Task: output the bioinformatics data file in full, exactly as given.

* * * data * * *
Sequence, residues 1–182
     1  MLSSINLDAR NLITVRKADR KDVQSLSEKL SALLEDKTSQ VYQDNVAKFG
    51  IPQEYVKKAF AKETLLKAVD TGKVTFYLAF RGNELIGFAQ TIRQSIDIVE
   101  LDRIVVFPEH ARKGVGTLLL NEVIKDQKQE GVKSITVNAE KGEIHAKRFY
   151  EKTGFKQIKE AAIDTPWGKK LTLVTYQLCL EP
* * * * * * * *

Sequence, residues 1–182
     1  MLSSINLDAR NLITVRKADR KDVQSLSEKL SALLEDKTSQ VYQDNVAKFG
    51  IPQEYVKKAF AKETLLKAVD TGKVTFYLAF RGNELIGFAQ TIRQSIDIVE
   101  LDRIVVFPEH ARKGVGTLLL NEVIKDQKQE GVKSITVNAE KGEIHAKRFY
   151  EKTGFKQIKE AAIDTPWGKK LTLVTYQLCL EP